School cafeterias could start counting calories
Proposal would require statewide posting for school lunches, which currently only is done in Montgomery
ANNAPOLIS The lunch menu at Rolling Terrace Elementary School in Takoma Park on March 1 featured either a whole grain soft taco with corn or a hot dog with baked beans.
It also included another ingredient: calorie counts of each item.
State lawmakers are considering legislation that would require all public schools, beginning next year, to publish on their lunch menus the number of calories in each product.
"We ought to be teaching our children from the get-go what they're eating and how many calories are in the food they eat," said Del. Doyle L. Niemann, who is sponsoring the measure.
Montgomery County began posting calorie content on its school lunch menus at the start of the current academic year, which conforms with a county law requiring establishments with more than 20 locations nationwide to provide calorie counts on their menu boards. The federal health care overhaul establishes a nationwide menu labeling requirement for most chain restaurants.
Although school cafeterias are not subject to the county law, which took effect in July, the school system decided to comply anyway. Several other counties in Maryland, including Anne Arundel and Prince George's, post calorie and nutritional information on their websites but not on the lunch menu itself.
Calorie counts are included on the menus that are sent home with elementary school students in Montgomery and are prominently posted in middle school and high school cafeterias, said Marla Caplon, director of the school system's Division of Food and Nutrition Services. The taco and corn meal totals about 500 calories, while the hot dog and beans lunch is almost 400 calories, according to the school menu.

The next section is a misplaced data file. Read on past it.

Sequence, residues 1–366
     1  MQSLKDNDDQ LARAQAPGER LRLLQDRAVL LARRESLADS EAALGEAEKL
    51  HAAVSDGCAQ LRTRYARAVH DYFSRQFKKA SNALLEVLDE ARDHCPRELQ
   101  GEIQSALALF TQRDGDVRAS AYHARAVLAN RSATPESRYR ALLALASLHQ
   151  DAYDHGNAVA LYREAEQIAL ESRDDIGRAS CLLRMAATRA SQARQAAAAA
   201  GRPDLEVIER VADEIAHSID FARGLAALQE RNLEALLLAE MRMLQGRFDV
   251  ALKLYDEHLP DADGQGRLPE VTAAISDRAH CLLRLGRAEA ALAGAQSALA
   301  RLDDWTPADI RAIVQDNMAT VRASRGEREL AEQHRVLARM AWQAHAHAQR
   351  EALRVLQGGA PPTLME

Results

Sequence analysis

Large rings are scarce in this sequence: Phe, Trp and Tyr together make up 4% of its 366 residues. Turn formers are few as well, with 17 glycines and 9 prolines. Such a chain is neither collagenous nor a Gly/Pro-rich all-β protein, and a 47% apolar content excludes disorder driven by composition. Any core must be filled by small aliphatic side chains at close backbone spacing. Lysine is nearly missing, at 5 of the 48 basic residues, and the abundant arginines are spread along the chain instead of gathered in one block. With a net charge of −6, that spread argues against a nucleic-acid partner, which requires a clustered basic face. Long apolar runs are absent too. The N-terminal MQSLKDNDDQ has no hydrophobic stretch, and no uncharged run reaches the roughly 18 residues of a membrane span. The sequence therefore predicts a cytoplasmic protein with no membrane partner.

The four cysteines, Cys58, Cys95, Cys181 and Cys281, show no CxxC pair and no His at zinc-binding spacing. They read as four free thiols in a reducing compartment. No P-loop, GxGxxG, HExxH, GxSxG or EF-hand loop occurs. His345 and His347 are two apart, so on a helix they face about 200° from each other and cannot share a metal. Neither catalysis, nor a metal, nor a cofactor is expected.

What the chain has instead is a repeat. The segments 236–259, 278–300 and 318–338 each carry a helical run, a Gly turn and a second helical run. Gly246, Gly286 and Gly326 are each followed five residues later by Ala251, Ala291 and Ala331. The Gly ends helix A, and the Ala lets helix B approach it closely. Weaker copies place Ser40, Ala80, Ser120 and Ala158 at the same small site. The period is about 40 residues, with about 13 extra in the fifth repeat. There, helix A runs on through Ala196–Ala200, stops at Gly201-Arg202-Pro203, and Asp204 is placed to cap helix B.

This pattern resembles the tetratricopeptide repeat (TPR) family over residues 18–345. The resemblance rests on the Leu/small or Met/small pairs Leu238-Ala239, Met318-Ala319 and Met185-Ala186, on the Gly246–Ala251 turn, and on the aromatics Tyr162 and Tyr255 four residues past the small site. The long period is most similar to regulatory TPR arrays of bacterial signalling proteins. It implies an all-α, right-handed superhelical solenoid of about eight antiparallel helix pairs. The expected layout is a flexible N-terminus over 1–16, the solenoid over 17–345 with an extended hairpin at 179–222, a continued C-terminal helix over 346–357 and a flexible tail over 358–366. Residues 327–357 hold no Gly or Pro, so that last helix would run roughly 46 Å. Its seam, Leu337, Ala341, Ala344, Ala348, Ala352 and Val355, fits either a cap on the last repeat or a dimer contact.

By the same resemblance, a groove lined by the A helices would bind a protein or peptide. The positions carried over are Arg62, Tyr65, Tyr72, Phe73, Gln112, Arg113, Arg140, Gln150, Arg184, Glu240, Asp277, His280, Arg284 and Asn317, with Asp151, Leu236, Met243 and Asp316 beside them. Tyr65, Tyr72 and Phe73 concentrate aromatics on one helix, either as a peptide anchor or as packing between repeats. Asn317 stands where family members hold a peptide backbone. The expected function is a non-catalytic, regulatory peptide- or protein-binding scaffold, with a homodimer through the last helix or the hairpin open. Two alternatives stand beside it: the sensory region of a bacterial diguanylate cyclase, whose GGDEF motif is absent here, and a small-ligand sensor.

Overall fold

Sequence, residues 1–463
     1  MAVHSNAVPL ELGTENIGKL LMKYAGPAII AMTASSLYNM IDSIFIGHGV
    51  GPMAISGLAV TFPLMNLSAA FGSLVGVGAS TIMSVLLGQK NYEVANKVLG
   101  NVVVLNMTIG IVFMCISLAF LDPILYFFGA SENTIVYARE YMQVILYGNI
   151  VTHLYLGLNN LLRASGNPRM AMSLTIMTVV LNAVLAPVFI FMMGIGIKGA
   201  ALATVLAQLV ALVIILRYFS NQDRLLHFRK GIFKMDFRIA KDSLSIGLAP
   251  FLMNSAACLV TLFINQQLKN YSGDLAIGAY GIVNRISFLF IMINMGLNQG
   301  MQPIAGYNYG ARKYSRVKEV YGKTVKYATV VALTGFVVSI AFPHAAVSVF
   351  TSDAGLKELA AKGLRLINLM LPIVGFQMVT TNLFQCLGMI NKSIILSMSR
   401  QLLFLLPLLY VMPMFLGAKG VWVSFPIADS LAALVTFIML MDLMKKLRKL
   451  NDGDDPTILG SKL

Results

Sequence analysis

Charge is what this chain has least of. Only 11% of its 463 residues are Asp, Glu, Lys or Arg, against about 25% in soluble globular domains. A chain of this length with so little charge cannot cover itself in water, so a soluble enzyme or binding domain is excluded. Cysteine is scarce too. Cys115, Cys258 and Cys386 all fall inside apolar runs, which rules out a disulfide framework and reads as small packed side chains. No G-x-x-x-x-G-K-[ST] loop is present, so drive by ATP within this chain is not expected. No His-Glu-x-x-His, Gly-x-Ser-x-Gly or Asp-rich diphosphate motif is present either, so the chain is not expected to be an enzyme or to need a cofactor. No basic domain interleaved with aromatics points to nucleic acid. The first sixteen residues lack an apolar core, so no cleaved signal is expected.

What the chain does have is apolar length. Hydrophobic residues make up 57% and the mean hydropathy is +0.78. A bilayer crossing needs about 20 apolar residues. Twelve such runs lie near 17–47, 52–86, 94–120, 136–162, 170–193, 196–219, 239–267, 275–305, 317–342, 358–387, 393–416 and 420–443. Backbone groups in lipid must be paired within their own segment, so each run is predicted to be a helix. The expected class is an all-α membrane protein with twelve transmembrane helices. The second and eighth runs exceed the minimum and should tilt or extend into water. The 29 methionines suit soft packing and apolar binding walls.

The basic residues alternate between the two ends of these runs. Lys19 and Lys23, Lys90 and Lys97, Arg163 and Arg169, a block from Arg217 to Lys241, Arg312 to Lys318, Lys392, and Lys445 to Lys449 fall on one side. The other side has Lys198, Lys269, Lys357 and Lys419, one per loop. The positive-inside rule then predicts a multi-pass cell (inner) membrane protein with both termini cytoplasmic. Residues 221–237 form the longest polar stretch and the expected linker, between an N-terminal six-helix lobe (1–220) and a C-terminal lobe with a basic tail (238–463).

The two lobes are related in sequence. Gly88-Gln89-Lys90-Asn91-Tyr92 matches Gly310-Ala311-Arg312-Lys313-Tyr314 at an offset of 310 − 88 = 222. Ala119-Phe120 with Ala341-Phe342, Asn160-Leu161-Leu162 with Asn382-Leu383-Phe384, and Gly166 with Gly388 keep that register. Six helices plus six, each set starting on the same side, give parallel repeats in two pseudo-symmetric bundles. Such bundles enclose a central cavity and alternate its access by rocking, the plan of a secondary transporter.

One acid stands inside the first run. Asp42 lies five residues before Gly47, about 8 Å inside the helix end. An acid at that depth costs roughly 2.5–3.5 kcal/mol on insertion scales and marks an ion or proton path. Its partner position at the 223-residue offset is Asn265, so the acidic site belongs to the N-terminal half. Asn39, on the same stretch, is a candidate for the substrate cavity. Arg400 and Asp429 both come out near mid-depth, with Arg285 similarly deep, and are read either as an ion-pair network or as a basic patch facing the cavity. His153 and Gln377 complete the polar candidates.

Feedback from parents has been positive, she said.
Niemann (D-Dist. 47) of Mount Rainier credited a fellow lawmaker with suggesting the calorie requirement for school menus.
"From a public health perspective, we're going to have much better outcomes if we reach youngsters by educating them about important nutritional choices," said Del. Nicholaus R. Kipke (R-Dist. 31) of Pasadena, who floated the idea last year when Niemann proposed a statewide menu labeling bill for chain restaurants; that measure failed.
Offering healthy school lunches hits close to home for Kipke, whose two younger siblings attend Anne Arundel County public schools.
"For many children, especially in the urban areas, the meals they receive at school are their main source of food," he said. "Here we are, filling them up with overly processed, high-sodium [foods with] empty calories."
Childhood obesity has more than tripled in the past 30 years from 6.5 percent in 1980 to 19.6 percent in 2008 among children ages 6 to 11 and from 5 percent to 18.1 percent among children ages 12 to 19, according to the U.S. Centers for Disease Control and Prevention.
Obesity, defined as a person who is 20 percent heavier than their ideal weight, has doubled in Maryland over the past 20 years, according to a July 2010 report by Advocates for Children and Youth. About 177,000 of 615,000 Maryland children between the ages of 10 and 17 are considered obese, according to the report.
"Education is the first step in helping to alleviate the problem that mostly affects children," said Younyoung Lee, a student attorney with the public health clinic at the University of Maryland School of Law.
He noted that Colorado, Maine and Massachusetts mandate some form of school menu labeling.
However, a study of 20 high schools published last fall in the Journal of Child Nutrition and School Management found that posting nutritional information in lunchrooms did not significantly influence student meal purchases.
Although the bill's fiscal note suggests the measure would carry little, if any, cost to the state or school systems, it could prove expensive for some smaller school systems that currently do not conduct nutritional analyses of their menu items, said Jeffrey M. Proulx, supervisor of food and nutrition services for Washington County Public Schools.
Rather than requiring school systems to devote limited resources to posting and publishing nutritional data, it may be wiser to spend money on buying healthier content, he said.
Staff Writer Andrew Ujifusa contributed to this report.